From the Garden City Telegram (Garden City, Kansas) February 26, 1971...Glen stated in an interview:
"With such a big family, everything we did was a scramble: At dinner, you had to fight for a place at the long table with big benches along each side for the kids and Mom and Dad sitting on the end." "...some old friends of my folks came through Billstown and took a liking to me. Mr. and Mrs. Boytt Hardy were living in Lindrith, New Mexico, and they said I could go stay with them. And having heard my music they seemed to think I could pick up some work thereabouts. My mother really didn't want me to go, but she could see I was determined...Soon after I Ieft Billstown, I was playing weekends at a place in Lindrith called Coon Holler."
The Woodfills share:
Glen’s reason for moving with Boytt and Lola was to afford him an educational opportunity at the local school and an income from working at the store. Glen, having missed several years of school, re-enrolled in the 10th grade for a short period of time while living in Lindrith. The school that Glen attended was built in 1931. It is the oldest and last adobe structure to be utilized for educational purposes in New Mexico. It was renovated sometime in the 90’s…but the original structure exists under the renovation. Sadly, 2019 was the last year the school could stay open due to a declining population of children in Lindrith. (Glen actually performed a “concert” for the folks of Lindrith)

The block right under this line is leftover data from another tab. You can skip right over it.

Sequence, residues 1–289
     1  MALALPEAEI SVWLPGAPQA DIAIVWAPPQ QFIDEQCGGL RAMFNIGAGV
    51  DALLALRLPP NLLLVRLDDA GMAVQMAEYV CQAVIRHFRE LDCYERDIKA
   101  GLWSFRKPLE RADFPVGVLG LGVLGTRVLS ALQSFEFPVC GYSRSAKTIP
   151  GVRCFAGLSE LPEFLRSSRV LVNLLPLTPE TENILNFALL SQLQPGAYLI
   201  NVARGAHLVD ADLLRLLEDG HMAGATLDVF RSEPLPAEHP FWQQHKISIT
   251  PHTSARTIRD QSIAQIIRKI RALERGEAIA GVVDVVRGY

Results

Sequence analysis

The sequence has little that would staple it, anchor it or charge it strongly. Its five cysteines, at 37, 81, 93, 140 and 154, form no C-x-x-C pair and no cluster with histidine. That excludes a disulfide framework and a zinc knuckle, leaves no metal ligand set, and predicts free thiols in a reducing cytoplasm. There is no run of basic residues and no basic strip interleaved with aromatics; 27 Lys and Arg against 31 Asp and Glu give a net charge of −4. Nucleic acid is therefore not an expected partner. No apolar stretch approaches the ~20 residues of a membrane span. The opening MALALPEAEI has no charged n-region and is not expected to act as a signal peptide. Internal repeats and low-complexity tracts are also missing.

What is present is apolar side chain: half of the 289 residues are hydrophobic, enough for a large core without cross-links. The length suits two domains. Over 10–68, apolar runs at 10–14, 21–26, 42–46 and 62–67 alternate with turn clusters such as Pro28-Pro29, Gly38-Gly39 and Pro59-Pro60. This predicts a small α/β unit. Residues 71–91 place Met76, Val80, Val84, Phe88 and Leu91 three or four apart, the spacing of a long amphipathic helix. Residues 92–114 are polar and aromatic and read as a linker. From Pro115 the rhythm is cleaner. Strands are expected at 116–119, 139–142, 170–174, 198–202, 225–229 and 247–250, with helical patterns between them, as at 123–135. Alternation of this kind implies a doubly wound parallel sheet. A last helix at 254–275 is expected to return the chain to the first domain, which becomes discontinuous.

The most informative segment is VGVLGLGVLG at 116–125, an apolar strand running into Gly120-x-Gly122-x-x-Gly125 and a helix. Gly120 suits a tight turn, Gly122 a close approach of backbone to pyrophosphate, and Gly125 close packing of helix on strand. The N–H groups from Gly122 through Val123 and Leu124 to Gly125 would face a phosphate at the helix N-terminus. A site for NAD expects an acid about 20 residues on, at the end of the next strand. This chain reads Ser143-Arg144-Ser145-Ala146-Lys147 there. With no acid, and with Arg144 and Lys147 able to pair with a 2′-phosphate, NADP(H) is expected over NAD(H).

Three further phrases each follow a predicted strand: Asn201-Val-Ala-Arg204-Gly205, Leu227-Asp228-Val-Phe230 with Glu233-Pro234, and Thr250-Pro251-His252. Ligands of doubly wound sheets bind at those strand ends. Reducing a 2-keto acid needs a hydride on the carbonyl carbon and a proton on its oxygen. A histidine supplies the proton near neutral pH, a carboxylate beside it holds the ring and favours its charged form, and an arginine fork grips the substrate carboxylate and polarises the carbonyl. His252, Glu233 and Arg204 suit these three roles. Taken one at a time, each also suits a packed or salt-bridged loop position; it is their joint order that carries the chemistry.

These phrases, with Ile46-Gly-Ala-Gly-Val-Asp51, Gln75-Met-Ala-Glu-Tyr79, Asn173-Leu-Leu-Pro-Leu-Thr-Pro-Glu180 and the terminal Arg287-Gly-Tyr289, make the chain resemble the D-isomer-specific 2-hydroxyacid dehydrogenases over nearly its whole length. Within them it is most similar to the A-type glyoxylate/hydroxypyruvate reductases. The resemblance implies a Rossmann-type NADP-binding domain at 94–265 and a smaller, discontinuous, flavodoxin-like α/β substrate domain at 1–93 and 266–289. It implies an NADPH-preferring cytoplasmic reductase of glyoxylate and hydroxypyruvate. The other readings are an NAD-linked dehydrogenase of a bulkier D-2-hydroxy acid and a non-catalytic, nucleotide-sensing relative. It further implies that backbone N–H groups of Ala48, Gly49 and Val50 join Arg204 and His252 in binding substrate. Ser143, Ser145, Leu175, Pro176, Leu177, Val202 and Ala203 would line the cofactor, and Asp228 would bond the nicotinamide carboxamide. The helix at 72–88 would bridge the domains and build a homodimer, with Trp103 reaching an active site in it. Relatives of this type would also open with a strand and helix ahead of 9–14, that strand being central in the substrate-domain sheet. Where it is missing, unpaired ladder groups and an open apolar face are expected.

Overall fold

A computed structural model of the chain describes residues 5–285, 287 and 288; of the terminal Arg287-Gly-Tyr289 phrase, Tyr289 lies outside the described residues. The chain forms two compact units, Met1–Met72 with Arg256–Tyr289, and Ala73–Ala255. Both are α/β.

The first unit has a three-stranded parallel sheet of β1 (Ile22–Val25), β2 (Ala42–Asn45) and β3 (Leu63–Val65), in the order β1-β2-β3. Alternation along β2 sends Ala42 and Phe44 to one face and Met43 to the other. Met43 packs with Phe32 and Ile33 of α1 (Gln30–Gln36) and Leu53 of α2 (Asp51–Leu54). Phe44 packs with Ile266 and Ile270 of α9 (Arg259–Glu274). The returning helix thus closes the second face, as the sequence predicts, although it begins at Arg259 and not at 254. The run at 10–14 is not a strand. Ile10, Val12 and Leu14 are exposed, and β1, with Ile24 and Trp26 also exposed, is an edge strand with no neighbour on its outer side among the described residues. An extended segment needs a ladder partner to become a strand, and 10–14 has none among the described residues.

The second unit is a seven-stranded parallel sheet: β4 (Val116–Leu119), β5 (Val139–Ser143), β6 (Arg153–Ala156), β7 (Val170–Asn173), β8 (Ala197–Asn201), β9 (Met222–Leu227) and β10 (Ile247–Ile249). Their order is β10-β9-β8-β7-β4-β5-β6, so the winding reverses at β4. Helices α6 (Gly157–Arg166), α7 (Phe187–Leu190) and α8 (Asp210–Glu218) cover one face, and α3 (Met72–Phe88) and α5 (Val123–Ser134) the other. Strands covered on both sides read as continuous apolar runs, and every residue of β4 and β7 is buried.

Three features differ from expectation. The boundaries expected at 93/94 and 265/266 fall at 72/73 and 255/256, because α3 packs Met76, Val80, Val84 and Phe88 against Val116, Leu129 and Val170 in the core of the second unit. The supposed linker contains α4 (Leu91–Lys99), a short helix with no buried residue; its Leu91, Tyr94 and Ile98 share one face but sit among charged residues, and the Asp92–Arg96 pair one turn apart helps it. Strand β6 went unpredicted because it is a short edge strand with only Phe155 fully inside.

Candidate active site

John shared this story that his father, Jimmy Woodfill, shared with him:
During the summer of 51, Glen accompanied my parents to Arkansas following my parents’ marriage. My dad joked that he wanted to throw Glen out of the vehicle because he wouldn't put that dang guitar down and quit singing when others were trying to get some rest. They were going to Arkansas for my mom Hope (Hardy) Woodfill to introduce my dad to her extended family.
Glen helped the Hardy’s around the house and at their trading posts. John shares that Boytt “was also a musician and knew other local musicians. He introduced Glen to H.C. “Texas Slim” Lasater, Tommy Collins and others who played in local “honkytonks”, including Coon Holler. These “gigs” gave him notoriety and afforded him extra monies.”
It is felt that he left the Hardy’s home and went to Houston in the latter part of 1952. But that doesn’t mean he turned his back on the relationships he forged in Lindrith. If you follow Glen’s career, you will find he always remembered the important people in his life.